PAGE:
Motorists Injure Cyclists, Police Get Tough On Cyclists?

21 06 2011

http://www.theage.com.au/victoria/cyclists-face-fines-as-police-get-tough-20110621-1gcjs.html

Well, in a fit of American tea party type logic, the Aussie police have seen fit to “get tough” on the victim. The article quotes a senior police sergeant as saying: “We have seen a number of incidents recently, particularly in the St Kilda Road area, where cyclists have collided with opening car doors,” Dubbed “Operation Compass” (which is humorous because it is evidently the police who have lost their way here and should be trying to find it) police “will patrol major routes into the city at peak times following a recent jump in bicycle crashes that have left some cyclists with serious injuries”. The article goes on to state that:

“The most recent figures from Bicycle Victoria’s annual road count, taken on March 1 this year, revealed that 1510 cyclists passed through the intersection of Swanston and Flinders streets in the city between 7am and 9am. That was the busiest bicycle commuter intersection in the city, recording an average of 12.6 cyclists per minute. However, the number of riders was down 18.5 per cent on the previous year due to wet and windy conditions in the city on the day the count was taken.”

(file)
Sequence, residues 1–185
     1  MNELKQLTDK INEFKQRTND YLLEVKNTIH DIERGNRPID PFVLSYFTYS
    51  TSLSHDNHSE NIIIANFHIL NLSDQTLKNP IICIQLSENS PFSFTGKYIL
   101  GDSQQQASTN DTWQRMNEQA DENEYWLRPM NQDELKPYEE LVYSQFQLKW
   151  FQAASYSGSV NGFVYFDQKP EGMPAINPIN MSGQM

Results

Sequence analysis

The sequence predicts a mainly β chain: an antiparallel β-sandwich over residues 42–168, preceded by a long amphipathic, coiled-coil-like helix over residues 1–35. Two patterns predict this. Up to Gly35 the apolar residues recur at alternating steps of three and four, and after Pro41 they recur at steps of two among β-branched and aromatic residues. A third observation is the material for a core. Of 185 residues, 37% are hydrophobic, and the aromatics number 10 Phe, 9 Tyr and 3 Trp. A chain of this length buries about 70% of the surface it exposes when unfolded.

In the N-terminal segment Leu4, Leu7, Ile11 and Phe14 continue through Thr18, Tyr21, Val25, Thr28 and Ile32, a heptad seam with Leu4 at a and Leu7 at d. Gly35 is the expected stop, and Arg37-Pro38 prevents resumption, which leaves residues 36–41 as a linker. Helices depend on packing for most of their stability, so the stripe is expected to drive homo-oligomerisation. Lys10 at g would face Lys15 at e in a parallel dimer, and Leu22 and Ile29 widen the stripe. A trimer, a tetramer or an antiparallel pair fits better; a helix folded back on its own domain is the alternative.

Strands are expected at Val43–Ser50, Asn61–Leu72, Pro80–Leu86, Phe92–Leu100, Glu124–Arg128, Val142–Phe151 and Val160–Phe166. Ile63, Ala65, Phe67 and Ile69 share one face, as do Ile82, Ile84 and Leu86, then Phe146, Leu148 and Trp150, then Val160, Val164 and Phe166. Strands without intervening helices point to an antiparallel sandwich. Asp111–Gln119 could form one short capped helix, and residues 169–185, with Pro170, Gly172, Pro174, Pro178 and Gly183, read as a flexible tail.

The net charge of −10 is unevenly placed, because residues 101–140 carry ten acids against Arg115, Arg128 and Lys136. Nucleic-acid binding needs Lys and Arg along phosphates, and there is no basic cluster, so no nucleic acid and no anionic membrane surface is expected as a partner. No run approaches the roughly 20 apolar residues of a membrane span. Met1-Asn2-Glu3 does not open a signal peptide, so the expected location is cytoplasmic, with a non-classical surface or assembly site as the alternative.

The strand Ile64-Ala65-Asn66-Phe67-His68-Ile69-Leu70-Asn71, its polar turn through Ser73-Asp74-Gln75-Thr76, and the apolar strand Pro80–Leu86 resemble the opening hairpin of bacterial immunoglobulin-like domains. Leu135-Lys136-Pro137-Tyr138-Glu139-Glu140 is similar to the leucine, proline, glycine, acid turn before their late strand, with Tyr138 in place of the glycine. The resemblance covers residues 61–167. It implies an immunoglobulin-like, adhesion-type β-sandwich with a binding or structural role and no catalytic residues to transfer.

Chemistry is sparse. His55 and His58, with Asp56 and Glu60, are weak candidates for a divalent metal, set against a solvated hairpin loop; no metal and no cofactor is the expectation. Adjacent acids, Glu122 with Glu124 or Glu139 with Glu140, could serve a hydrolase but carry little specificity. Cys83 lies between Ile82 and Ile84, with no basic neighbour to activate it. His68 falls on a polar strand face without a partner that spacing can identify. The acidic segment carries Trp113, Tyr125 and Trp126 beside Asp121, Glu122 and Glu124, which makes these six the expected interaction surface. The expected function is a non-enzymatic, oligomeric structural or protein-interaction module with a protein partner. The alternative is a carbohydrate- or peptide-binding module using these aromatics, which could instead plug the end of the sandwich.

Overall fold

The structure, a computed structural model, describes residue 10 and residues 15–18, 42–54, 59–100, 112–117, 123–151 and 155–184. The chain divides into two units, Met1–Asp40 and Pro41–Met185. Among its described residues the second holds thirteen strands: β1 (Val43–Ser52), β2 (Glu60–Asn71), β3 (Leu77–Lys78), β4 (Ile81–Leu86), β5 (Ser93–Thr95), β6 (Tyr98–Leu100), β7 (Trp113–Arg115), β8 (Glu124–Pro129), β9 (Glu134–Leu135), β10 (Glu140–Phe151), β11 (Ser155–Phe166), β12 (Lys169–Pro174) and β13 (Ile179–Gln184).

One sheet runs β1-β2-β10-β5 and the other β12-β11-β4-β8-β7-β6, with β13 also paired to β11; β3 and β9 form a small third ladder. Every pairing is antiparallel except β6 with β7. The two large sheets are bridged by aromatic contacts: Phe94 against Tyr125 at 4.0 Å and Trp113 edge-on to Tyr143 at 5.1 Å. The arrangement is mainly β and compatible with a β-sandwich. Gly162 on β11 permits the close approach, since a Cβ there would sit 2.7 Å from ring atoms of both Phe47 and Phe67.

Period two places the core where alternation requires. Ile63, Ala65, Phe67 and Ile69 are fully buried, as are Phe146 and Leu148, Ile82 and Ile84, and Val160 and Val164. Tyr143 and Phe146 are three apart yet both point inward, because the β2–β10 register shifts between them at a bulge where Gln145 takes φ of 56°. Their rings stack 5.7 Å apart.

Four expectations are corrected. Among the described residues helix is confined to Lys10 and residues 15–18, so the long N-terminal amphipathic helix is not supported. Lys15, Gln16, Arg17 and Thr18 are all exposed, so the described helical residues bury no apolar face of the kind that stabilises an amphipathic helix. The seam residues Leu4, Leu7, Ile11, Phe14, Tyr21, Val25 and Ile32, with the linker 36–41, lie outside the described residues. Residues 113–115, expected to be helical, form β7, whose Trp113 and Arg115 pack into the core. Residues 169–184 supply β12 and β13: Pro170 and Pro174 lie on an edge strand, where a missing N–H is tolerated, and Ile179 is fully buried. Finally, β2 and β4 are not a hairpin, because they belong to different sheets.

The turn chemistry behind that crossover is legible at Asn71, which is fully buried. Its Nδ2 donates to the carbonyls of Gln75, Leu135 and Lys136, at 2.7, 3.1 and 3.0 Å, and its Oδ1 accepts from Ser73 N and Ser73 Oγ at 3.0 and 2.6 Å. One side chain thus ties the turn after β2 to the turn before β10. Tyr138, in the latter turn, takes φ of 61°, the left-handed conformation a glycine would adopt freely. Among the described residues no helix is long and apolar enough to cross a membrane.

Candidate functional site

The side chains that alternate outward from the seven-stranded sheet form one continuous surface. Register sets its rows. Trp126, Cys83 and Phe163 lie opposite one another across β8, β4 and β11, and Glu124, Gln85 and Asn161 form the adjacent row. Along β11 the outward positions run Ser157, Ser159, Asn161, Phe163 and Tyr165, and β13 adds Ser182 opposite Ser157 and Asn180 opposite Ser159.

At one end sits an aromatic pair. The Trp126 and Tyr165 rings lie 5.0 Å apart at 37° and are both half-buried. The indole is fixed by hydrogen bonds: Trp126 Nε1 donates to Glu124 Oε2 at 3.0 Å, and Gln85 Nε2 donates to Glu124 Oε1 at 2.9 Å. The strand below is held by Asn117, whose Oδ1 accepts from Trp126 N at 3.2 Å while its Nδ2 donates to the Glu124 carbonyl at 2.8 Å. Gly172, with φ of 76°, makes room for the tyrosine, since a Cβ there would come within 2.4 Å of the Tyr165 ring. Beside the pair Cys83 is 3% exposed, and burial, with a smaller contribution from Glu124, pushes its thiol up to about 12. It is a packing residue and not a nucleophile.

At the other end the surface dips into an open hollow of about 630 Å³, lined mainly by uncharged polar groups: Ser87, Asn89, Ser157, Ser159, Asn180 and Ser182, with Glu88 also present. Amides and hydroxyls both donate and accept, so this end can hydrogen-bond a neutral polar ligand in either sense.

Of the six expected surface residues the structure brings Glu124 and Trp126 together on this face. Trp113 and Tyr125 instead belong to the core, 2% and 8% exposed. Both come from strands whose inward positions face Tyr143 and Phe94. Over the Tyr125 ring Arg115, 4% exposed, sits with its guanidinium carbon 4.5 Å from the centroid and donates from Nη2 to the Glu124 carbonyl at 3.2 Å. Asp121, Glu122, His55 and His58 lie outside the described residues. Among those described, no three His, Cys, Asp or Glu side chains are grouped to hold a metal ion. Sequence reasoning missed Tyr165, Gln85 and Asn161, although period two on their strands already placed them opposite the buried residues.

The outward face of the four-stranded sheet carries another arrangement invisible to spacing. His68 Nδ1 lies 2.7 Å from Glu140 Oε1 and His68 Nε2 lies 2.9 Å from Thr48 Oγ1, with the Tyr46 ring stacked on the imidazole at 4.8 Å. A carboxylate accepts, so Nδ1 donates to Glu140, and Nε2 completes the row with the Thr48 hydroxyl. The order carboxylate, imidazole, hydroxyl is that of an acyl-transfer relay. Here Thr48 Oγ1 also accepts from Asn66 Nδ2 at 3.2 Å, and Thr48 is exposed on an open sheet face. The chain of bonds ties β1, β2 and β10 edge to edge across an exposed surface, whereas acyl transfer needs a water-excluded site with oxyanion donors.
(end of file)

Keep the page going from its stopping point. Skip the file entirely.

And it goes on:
Which of course, in a car dominated culture is exactly what “they” want.

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This means war!

20 06 2011

http://hamptonroads.com.nyud.net/2011/06/strewn-thumbtacks-create-chaos-cyclists